Prioritizing Your Health During the Holidays

Part 3: Mindfulness

“Mindfulness” has become a buzz word lately and for good reason, but what is mindfulness? Mindfulness is the basic human ability to be fully present, aware of where we are and what we’re doing, and not overly reactive or overwhelmed by what’s going on around us. Ahhhh…doesn’t this sound like a wonderful way of being each and every day? Can you feel your cortisol levels lowering just thinking about it? I definitely can.

Practicing mindfulness during this holiday season can really help you to feel more present as well as be better equipped to handle holiday stress. Oftentimes, the holidays bring more to-do lists, shopping, parties, etc. than we are used to, so it is common not to feel connected to the present moment because you are being pulled in a thousand different directions until you literally stop on Thanksgiving to say what you are grateful for this year. All the while, you missed the small moments to be grateful for leading up to Thanksgiving because you were so busy getting ready for it. All this to say, practicing mindfulness, a little bit each day, can make a huge difference in how you react to things and others during this holiday season.

There are so many ways to practice mindfulness, but here are 5 simple things you can do to get started! Try all of them or just one. The point is to just START if mindfulness is not already part of your daily routine.

  1. Gratitude journal. Taking 5 minutes each day (many people like to do it in the morning) to simply write down 3 things you are grateful for is a form of mindfulness. You are forcing yourself to stop, think, and reflect on things that bring you joy in your life! These are things that will keep you going during the hustle and bustle of the holiday season.
  1. Practice informal mindfulness throughout the day. Informal mindfulness is when you are actively engaged and fully present in whatever it is you are doing such as brushing your teeth, folding laundry, or doing the dishes. Think about how often your mind wanders when you are doing these tasks. The goal here is to bring your mind back to the present moment and take in the peacefulness that these mundane tasks can bring you if you let them.
  1. Meditate either sitting, moving, or walking. Meditation can be a pretty powerful tool in helping to reduce anxiety, stress, and depression. Too much stress can increase cortisol levels, and a study showed that meditation may lower blood serum levels of cortisol which is the body’s primary stress hormone. This is great news! There are so many ways to meditate. You need to figure out what works for you. First, start with a few minutes a day and work your way up if you have time and are finding meditation to be helpful. Some people prefer to find a cozy spot in the house and sit comfortably on a soft pillow while others prefer to do a walking meditation. You can sit in silence, listen to gentle music without words, or try using a meditation app such as Headspace, Calm, Breathe, Buddhify, Meditation Studio, or Melissa Wood Health.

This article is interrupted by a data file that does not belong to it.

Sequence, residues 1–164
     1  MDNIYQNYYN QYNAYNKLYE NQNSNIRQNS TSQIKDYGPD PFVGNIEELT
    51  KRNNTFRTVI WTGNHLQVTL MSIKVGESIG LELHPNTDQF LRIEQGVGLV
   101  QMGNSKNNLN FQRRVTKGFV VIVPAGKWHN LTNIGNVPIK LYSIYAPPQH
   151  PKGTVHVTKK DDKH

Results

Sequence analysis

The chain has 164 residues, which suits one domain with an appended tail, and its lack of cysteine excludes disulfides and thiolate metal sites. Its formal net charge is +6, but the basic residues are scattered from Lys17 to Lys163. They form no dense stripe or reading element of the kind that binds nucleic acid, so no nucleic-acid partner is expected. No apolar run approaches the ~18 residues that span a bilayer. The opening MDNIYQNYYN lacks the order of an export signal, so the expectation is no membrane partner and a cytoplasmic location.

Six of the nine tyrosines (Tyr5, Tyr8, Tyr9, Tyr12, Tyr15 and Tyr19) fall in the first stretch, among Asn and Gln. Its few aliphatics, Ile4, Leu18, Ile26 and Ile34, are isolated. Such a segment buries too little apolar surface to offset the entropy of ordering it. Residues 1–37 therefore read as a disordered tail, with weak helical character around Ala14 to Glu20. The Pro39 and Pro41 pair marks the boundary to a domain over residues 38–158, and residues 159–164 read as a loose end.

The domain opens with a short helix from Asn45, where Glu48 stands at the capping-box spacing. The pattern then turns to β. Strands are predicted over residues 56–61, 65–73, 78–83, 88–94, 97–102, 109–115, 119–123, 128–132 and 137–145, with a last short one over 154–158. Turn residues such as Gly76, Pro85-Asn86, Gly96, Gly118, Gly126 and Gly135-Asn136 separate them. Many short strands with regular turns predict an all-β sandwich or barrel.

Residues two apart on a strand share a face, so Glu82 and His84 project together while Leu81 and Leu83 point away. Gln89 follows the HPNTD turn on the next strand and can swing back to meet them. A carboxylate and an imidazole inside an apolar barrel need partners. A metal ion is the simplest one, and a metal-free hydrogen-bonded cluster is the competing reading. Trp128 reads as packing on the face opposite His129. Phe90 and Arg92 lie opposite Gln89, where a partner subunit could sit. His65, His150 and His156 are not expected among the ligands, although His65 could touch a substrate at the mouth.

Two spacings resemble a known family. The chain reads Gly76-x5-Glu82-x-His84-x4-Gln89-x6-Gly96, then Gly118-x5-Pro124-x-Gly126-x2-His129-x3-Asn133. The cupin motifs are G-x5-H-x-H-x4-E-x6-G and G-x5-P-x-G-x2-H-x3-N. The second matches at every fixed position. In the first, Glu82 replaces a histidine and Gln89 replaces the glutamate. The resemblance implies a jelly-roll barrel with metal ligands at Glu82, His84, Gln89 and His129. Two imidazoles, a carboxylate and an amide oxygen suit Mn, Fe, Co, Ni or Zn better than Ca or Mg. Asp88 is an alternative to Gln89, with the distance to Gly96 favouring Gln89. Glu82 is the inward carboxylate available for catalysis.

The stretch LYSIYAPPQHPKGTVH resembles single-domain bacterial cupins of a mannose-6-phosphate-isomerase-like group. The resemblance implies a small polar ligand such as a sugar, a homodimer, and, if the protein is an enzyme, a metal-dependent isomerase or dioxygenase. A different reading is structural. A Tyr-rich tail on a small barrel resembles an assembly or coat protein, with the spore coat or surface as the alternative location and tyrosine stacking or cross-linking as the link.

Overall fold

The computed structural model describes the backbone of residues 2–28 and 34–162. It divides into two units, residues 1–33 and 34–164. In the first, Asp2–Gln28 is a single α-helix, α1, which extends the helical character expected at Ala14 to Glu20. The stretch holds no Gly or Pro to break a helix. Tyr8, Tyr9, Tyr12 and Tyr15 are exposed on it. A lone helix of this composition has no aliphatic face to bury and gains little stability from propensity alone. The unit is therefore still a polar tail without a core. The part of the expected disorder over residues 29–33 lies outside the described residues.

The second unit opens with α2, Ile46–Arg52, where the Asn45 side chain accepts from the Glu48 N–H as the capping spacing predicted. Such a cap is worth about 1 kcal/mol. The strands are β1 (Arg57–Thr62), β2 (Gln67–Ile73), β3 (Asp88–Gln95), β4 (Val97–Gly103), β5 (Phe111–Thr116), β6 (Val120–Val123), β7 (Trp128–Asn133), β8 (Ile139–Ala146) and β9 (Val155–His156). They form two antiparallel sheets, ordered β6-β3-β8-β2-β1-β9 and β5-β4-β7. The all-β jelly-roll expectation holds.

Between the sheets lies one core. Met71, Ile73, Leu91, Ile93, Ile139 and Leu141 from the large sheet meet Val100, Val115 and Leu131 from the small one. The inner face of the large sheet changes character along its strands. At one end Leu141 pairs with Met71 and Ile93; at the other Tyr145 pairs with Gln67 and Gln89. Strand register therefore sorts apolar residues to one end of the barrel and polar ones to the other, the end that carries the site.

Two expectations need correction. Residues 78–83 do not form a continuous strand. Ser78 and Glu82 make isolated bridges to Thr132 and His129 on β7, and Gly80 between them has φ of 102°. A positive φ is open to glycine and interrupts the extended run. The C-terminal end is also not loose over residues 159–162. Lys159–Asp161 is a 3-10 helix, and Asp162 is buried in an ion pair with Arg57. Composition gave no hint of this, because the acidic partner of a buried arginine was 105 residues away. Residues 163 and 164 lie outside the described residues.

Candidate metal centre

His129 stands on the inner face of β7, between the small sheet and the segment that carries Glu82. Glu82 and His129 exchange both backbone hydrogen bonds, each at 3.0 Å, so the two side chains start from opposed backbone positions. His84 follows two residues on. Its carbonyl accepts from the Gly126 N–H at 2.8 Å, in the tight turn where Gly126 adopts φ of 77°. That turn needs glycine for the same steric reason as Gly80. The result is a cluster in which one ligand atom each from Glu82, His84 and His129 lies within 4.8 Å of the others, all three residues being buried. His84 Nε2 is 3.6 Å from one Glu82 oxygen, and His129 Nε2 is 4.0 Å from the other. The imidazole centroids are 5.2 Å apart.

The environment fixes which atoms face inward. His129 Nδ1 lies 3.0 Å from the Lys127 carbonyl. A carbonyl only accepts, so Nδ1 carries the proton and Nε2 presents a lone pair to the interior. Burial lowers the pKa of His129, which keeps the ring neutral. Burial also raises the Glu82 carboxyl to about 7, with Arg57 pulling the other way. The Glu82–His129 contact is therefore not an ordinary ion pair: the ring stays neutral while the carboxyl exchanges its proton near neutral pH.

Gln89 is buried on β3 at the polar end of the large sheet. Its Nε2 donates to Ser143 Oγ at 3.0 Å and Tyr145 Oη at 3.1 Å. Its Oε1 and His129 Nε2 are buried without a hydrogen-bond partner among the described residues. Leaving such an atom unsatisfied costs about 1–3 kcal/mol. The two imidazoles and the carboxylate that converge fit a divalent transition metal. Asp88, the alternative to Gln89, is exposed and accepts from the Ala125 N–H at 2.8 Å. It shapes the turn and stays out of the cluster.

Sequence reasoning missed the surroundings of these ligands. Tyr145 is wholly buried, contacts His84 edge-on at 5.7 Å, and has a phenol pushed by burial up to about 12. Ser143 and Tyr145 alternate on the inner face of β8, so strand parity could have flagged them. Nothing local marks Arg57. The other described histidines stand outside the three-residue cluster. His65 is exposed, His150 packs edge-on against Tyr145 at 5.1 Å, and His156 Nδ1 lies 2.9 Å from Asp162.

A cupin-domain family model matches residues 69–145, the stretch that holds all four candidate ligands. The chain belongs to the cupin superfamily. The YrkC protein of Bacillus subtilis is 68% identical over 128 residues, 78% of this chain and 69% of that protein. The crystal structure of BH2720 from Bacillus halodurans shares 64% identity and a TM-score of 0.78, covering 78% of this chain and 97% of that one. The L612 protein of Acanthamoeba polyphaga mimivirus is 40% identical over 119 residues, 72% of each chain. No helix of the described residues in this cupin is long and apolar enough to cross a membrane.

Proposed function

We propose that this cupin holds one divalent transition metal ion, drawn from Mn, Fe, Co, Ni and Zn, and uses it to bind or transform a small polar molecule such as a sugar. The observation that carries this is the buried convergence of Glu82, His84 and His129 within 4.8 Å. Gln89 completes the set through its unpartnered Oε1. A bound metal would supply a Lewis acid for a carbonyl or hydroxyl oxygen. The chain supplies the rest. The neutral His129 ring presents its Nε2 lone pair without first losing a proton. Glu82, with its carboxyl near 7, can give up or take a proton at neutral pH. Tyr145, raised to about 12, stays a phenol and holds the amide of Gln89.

1. Pause and breathe. Simply pausing and taking a few deep belly breaths can be very beneficial. Focusing on our breath helps us to come to the present moment and just be. Breathwork is a great way to clear your mind of what just happened or is about to happen and let your mind be still while calming your nervous system. You can try box breathing where you inhale for 4 seconds, hold your breath for 4 seconds, and then exhale for 4 seconds. You could also try the 4-7-8 breathing technique where you inhale for 4, hold for 7, and exhale for 8. Try 3-5 rounds of each and see how you feel! You should feel pretty grounded and relaxed.
  1. Say “no” more often. Repeat after me. “It is OK to say no this holiday season.” Saying “no” to things that don’t energize you or bring your joy is practicing mindfulness. It means you are taking a moment to think about what is that you need in the moment and focusing on the present. Obviously, there are going to be things that we have to do this holiday season that we might not want to do, but there will also be plenty of things that you don’t actually have to attend.

Maybe mindfulness is already a big part of your life, but if it isn’t now is a great time to start! As you can see, you can do it anywhere at any time! Hopefully by practicing mindfulness you will be better able to enjoy this holiday season!


If you are finding it hard to get started with mindfulness, I would be happy to help you figure out how to incorporate it into your life! You can book an appointment with me here.

Happy Holidays!
Stephanie Watson